The Burgundy region of France is home to their best Pinot Noirs, but we took the grapes into our own hands to create something extra special with our Coteaux Bourguignons. It’s a blend of Pinot Noir and Gamay, which results in a French red that’s light in body but full in flavor. The ripest blueberries and freshest herbs can be easily detected in this French burgundy blend. May we suggest pairing it with some creamy brie and freshly baked bread? It’s a oui-ning combo.




A little sweet. A little tart. A little salty? You truly get it all with this white Italian wine. If you're into that biting acidity, Verdicchio will probably be high on your list of most-loved wines from our Andiamo collection. Citrus fruits like mandarin, lemon, and grapefruit are at the forefront, but what really sets this Italian wine apart is its distinct notes of almond. While our Verdicchio can start out tasting a bit tart, the more you sip, the smoother it becomes. In fact, we suggest approaching it as an aperitif (Italian for an alcoholic drink sipped before a meal to stimulate the appetite) to experience its full effect.


Côtes du Rhône White


This was one of our first French wines to join the Passport collection and one sip will explain why. Some background on the Rhône Valley in France: While this region is known for its dark, juicy reds, a very small amount of special white wines are made in the Rhône Valley. Our Côtes du Rhône is packed with French-perfected, floral flavor and Old-World charm. Its natural tang paired with the weighty Marsanne grape and aromatic Roussanne grape results in a crisp, savory sip that’ll transport you to a sunbathing chair by the Rhône itself.


Bordeaux Rouge


When you picture medieval folk sitting around a feast with goblets of wine, chances are they were drinking Bordeaux. This wine has been made in France since forever and is arguably the most classic French wine out there. Bordeaux is known for its full body, smoky notes, and rich, oaky taste. If you love cabs, chances are you will adore Bordeaux. For our Passport wines, we had to include this classic French red for you to sip and enjoy to your heart’s content. Best savored over a rich meal like lamb ragu, ratatouille, or BBQ.


Ventoux Rosé


You probably know that the Tour de France is held on Ventoux Mountain in France, but did you know that the same area is known for its high-altitude rosé? This is the kind of quintessential French rosé that you don’t need to spin your wheels over—it’s simply delicious, crisp, and perfect for warm weather. Despite its delicate, pale pink color, each sip is lush with flavor, from tropical passionfruit and zesty citrus to refreshing melon. This has the potential to be your new summer go-to, so we’d suggest stocking up.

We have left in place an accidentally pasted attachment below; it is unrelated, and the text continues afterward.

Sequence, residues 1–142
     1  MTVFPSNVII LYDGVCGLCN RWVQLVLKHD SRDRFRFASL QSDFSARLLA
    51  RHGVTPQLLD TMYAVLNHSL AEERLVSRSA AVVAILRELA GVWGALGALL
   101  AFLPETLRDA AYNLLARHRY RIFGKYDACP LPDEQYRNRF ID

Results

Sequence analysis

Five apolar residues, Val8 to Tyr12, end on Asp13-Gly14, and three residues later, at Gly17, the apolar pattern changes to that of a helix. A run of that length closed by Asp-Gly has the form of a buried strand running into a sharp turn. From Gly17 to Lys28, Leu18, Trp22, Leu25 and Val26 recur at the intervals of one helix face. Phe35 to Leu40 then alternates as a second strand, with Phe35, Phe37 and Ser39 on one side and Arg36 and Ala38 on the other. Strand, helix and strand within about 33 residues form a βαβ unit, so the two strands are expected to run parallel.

Wild Child

Say “¡Hola!” to Spain’s main grape: Tempranillo. This red grape put Rioja wine on the map and is un vino tinto classico. It’s best compared to a classic cab, but with a bit more unique magic that’s hard to put your finger on, which is why it’s a part of our Wild Child line. This medium- to full-bodied wine with its relatively higher tannins usually offers complex notes of cherry, fig, cedar, tobacco, and dill. This is the type of red wine you want to buy and pour for a Latin-infused meal; think carne asada, tacos al carbon, or just perfectly cooked steak fajita meat.


La Pluma

We knew the only red in the La Pluma collection had to be exceptionally good and exceptionally light. That’s why including a Grenache was a no-brainer. If smooth, fruit-forward, light-bodied reds appeal to your tastebuds, this could be your new favorite. The grape itself is tricky; depending on the climate of where its grown, Grenache wines could be light, dense, or somewhere in the middle. La Pluma’s version has all the airiness and flavor notes we wanted in our Grenache, which is how we know you’ll love it. Get the most of this red by pairing it with roasted meats, spice-heavy vegetables, and Mexican-inspired dishes with lots of cumin.




This grape goes by different names in most European countries, but what remains the same is its fruity floral nature. Delicate in every way and extremely quaffable, this wine is as dainty as they come.



We really try not to play favorites at In Good Taste, but there is just something about an Italian Barbera that hits different in the best way. Barberas are the perfect wine for pizza night; they're low in alcohol, and medium-bodied but taste super light, and their berry and plum flavors pair incredibly well with savory tomato sauce and cheese! Another fun thing about Barberas? They actually taste great when chilled, which is not something we're in the habit of suggesting for our red wines. Our Italian Barbera lies somewhere between the body of a cab and a pinot and is the ideal choice for a "ladies who lunch" kind of afternoon.


Wild Child

We couldn't not have a weird white in the mix, right?! The Vermentino grape is native along the coast of Italy on the island of Sardinia (yeah, like the fish). Because of its origin, this grape offers a salty, crisp flavor that's incredibly easy to drink and enjoy. We say it's "weird" only because it's not widely known by name, but chances are you've probably had it before if you've ever ordered white wine in an Italian restaurant. If you love peaches and lemons and get a kick out of anything that reminds you of the sea, our Vermentino is the perfect Italian white to experience on a sunny day outside.




For the Chardonnay lovers who are looking to dig a bit deeper in the world of bold whites, a Viognier (pronounced vee-own-yay) could be your next big adventure. Viogniers tend to have more range; while they can be creamy with hints of vanilla like their Chardonnay counterpart, they also offer lighter, fruitier flavors like tangerine, mango, and honeysuckle. It’s still a more full-bodied white wine, but unlike Chardonnay, it’s softer on acidity and more perfumed. Spend an afternoon with a glass of Viognier amongst the flowers and it’ll all make sense.